How to choose the right car for your teen driver


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Teenagers between the ages of 16 and 19 are the riskiest drivers on the road.

Driving a car safely can be challenging when you’re inexperienced, since it often requires the ability to recognize danger and make split-second decisions. But the right vehicle can help reduce the number of critical decisions your teen has to make and cut down on the likelihood of accidents and injuries.

You’ll have a lot of features to consider when shopping for a car for your teen, but here’s what to look for.

5 top priorities to consider for your teen driver


The best safety measure is ensuring your teen has a good driver’s education. But safety features can help compensate for what any educated teen driver may lack in experience and maturity. Here’s what to prioritize when choosing a safe vehicle for your teen:

  • Teen driver controls: Driver controls and parent notification tools can allow you to set a maximum speed, view the odometer remotely or track the vehicle’s location.
  • Safety aids: Some of the best technology for reducing accidents includes emergency braking, stability control, pedestrian detection, lane keep assist and blind-spot monitoring.
  • Telematics:Onstar and other telematic systems can provide your teen with 24/7 roadside assistance and emergency assistance, along with location tracking.
  • Smartphone integration: This feature allows drivers to connect a smartphone so they can integrate map applications and respond to calls and texts by voice, all of which reduce the likelihood of looking down at their phones.

Car size

Common knowledge used to hold that a teenager was best off driving a clunker, but the truth is that teens should avoid driving larger vehicles.

A car that seats seven or more passengers can be difficult for an inexperienced driver to handle and is more likely to roll over. Extra seating can also mean piling the car up with more young passengers who are likely to distract the driver, which is one of the leading causes of crashes and injuries for teens.

Subcompact vehicles should also be avoided, since they tend to have smaller crumple zones and are less likely to protect drivers and passengers in a crash. Vehicles in the mini or micromini categories are a popular choice for teen drivers, but they’re more likely to result in fatalities in the event of an accident.

Instead, parents shopping for a car should opt for a mid-size vehicle like a Subaru Outback, a Honda Accord or a Toyota Prius, all of which are ranked amongst the best safety choices for used cars for teens by the IIHS.

Leasing vs. buying

Leasing can mean getting a car without a down payment or a loan and having lower monthly payments, so it may be the most affordable way to get your teen into a car with up-to-date safety features. But you’ll likely end up paying more down the line.

When a leased vehicle is returned, it has to be in like-new condition. That means any damages beyond normal wear and tear will have to be fixed, which can make leasing a more expensive option than buying. Plus, the cash you shell out won’t get you or your teen any closer to owning a car.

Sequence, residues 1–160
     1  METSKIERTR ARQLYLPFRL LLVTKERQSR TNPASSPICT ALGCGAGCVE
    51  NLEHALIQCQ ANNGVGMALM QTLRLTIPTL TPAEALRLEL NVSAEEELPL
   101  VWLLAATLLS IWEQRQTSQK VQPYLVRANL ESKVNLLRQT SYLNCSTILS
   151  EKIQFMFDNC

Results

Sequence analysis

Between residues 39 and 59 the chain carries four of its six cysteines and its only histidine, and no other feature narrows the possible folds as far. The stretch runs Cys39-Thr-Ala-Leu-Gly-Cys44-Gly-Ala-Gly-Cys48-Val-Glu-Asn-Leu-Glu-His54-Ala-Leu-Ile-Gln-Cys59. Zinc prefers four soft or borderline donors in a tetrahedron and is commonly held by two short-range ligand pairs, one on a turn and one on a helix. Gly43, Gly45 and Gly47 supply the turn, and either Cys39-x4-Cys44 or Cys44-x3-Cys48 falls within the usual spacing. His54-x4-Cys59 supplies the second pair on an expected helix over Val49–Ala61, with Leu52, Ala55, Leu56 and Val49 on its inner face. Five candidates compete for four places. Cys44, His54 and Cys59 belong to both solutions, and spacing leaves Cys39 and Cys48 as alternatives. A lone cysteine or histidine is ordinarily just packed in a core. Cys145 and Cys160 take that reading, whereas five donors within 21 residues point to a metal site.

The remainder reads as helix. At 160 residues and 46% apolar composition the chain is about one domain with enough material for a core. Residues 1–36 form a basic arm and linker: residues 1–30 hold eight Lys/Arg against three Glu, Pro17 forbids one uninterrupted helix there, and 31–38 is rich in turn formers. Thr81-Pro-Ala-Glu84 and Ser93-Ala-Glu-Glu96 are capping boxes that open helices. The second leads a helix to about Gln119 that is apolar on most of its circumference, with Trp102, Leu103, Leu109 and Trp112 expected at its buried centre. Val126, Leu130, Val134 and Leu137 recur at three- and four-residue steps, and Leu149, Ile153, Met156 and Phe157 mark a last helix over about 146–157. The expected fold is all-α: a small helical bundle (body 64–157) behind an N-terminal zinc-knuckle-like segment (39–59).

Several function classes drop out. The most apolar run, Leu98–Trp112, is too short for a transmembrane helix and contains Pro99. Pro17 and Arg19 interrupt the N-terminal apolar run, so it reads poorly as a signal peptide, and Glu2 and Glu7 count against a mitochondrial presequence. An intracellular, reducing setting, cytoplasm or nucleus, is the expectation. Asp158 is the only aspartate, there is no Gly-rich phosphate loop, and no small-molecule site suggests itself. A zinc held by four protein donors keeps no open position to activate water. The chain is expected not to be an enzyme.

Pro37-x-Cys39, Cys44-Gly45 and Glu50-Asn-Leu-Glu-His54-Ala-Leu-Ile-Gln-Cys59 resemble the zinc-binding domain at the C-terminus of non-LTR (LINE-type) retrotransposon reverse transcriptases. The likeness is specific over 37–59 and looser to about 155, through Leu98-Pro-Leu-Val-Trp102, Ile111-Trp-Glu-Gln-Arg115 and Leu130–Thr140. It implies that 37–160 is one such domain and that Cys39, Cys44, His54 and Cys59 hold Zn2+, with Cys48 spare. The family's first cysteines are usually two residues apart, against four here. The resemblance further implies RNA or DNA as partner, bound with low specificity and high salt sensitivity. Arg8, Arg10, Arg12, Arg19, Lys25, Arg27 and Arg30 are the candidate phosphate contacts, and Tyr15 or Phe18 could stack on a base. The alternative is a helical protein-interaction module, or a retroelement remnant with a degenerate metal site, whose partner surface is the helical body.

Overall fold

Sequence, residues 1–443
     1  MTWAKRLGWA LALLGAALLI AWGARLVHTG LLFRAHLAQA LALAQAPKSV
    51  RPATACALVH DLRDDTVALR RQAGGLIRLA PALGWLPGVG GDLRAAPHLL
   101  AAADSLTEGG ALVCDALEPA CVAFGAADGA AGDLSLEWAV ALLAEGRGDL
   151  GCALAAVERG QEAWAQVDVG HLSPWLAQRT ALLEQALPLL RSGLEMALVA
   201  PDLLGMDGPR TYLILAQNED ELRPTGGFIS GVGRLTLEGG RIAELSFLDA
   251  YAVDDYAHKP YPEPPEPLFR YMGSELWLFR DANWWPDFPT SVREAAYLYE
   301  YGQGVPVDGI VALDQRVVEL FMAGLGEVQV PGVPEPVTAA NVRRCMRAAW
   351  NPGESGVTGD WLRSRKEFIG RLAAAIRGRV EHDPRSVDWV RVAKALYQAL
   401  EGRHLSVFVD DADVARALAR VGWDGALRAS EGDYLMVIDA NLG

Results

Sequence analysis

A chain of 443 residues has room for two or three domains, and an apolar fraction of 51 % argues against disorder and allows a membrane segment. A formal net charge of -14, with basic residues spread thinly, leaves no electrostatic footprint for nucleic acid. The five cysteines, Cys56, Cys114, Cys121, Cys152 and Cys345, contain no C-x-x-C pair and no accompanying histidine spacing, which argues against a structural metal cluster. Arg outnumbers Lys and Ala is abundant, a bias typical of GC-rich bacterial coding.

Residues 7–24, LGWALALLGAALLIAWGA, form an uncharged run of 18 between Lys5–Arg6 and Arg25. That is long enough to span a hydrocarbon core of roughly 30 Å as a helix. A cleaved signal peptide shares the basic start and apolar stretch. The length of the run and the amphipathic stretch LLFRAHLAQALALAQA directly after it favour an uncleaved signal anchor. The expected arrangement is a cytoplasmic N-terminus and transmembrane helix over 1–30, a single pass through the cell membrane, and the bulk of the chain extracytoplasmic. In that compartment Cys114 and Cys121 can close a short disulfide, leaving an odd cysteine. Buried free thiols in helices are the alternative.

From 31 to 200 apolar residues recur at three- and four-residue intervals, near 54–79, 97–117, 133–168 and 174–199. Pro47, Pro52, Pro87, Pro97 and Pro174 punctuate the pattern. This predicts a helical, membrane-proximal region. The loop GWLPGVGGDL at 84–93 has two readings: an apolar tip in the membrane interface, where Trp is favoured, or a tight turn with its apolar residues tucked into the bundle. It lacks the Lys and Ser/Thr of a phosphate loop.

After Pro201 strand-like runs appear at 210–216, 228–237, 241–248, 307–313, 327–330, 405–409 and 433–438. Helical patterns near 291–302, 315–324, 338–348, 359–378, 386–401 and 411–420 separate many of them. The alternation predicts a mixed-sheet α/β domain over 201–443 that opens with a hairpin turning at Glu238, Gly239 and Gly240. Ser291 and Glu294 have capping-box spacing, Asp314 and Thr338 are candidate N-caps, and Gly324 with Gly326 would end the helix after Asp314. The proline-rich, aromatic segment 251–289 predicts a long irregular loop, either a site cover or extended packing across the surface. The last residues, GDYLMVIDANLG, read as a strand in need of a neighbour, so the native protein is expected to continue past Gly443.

New vs. used

For a teenager, the choice between driving a new or used car may feel like a question of social status. While buying new can mean more flash, better features and even parental control technology, you may not want the inevitable dents and scratches that come along with inexperienced driving.

But new cars are generally more reliable, and you’ll want the best safety features you can buy for your young driver. If new isn’t in your budget, you can still find essential safety features in a model that’s a few years old. As a rule of thumb, look for the safest and most reliable car that fits in your budget.

Financing and insurance

Drivers under the age of 18 can’t legally finance a car. For drivers just over 18, having a thin or nonexistent credit file can be an obstacle, too, since these older teens may have difficulty being approved for a loan or may only qualify for subprime.

Instead, discuss these alternatives with your teen if they need cash to buy a car:

Find a cosigner. Increase your teen’s chance of approval for a loan by cosigning or asking another trusted person to cosign. Make sure all parties understand that cosigning is a serious commitment that involves taking legal responsibility for the loan if the other signer fails to pay.

Borrow from a family member. Your teen could consider borrowing money from a family member or someone else you know. Suggest that they make it official with a written agreement that states when and how they’ll pay the loan back.

Give it time. Teens need time to start building up their credit. One way to speed up the process is to add them as an authorized user to your credit card account, as long as it’s in good standing. Saving up more money for a down payment can also make it easier to qualify for a loan or even buy a car with cash.

If you plan to add a teen driver to your insurance, be prepared for a bigger bill. Adding coverage for a teenager can mean an increase of roughly 130% on your monthly premiums.

You may be able to reduce the cost by enrolling your teen in a driver safety course, by checking to see if your child qualifies for a good student discount or by purchasing a car with telematics.

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